I have been reading the book Sweet Potato Power: Discover Your Personal Equation for Optimal Health
and far from focusing on sweet potatoes, it has turned to to be a pretty good summary of a lot of what we have been discussing here. If you have been at this for quite a while, a lot of the material will not be new, and for that reason I have been skimming much of it and not checking it carefully (because I have other things to read too!), but some of the later material (after the introductory chapters) is looking quite useful.
In particular, there is a section based on Mark Sisson's Primal Blueprint Carbohydrate Curve
that talks about different carb intake levels and what they imply. Here is the basic table (see the web page above or the book for more information):
Danger zone: >300
Weight gain zone: 150–300 grams (U.S. recommended daily allowance)
Optimal carb intake for effortless weight maintenance: 100–150 grams
Weight loss sweet spot: 50–100 grams
I can only validate the 0-50 gram range so far (I did not lose weight at 70g), but it looks reasonable to me. Now there are reasons that people here in the forum might want to stay in ketosis (lipolysis). Clearly, ketosis is recommended for people with certain neurological conditions, but apart from this pathology-oriented point of view it may very well be that brains work better in general on a ketogenic diet. That seems to be what Nora Gedgaudas has been saying, supported by her work in neurofeedback. But if you need to lose weight or your gut can't tolerate a ketogenic diet then you might want to see what else works for people in general, and then the 50-150 gram ranges might become more attractive.
I seem to be finding that I need to increase carbs a bit in order to lose weight. My situation is awkward, because I am overweight AND a ketogenic diet is also indicated due to medical issues. When I go very low carb my brain works better but my GI tract goes wacky and I eventually start gaining weight back. So I am experimenting with around 40 g/day right now, using sweet potatoes to raise it to that level. But everybody is different; you have to work it out for you.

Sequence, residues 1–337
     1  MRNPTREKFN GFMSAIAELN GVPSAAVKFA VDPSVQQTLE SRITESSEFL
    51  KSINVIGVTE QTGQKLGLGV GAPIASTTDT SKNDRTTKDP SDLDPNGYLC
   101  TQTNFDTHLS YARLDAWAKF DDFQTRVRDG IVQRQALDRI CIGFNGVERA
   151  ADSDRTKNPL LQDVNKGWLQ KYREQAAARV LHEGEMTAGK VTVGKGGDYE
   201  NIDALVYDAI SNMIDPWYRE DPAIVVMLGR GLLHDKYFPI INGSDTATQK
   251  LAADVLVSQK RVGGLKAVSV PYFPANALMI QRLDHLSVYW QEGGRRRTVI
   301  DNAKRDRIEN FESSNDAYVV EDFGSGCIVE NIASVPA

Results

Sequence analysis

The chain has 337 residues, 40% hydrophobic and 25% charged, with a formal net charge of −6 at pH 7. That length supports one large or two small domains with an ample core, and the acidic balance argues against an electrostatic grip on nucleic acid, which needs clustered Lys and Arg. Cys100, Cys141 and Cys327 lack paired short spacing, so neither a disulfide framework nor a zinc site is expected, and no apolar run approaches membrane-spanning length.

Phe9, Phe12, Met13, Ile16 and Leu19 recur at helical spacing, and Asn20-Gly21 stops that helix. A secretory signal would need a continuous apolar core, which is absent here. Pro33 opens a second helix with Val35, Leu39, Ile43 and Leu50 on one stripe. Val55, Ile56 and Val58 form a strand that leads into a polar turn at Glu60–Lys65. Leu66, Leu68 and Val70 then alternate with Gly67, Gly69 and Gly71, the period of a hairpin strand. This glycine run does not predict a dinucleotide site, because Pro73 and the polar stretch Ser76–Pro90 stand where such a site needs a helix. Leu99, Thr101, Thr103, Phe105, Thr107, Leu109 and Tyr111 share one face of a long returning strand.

Next the book (Sweet Potato Power
) offers this diagnostic table, along with examples of how it is used (too much to quote here).
|Symptoms of||Too Many Carbs|
|Overweight||Lethargic / Afternoon energy slumps||Poor recovery and soreness post workouts|
|Acne||Depressed / Mood swings / Mental Fog||Sore Joints|
|Bloated||Limited attention span|
|Anxiety / Hyper|
|Lack of focus|
|Sugar cravings / Midnight hunger |
pains / Food obsession
|Poor sleep patterns / Fatigue even after|
getting a full night of sleep
|Symptoms of||Too Few Carbs|
|Lean or fat||Sluggish||No motivation to train|
|Depressed / Flat personality||Muscle fatigue / Slow reaction time, i.e. no snap|
|Indicators of||Right Amount of Carbs|
|Lean||High energy||Muscle energy|
|Clear skin||Consistent energy levels / Attentiveness and|
|Motivation to move and work|
The book then goes on to describe various experiments you can do on yourself to gather more data, many of them involving a glucometer (or if you really want to get into it, an implanted glucose monitor!).
That's as far as I have read so far. There seem to be quite a few recipes near the end of the book.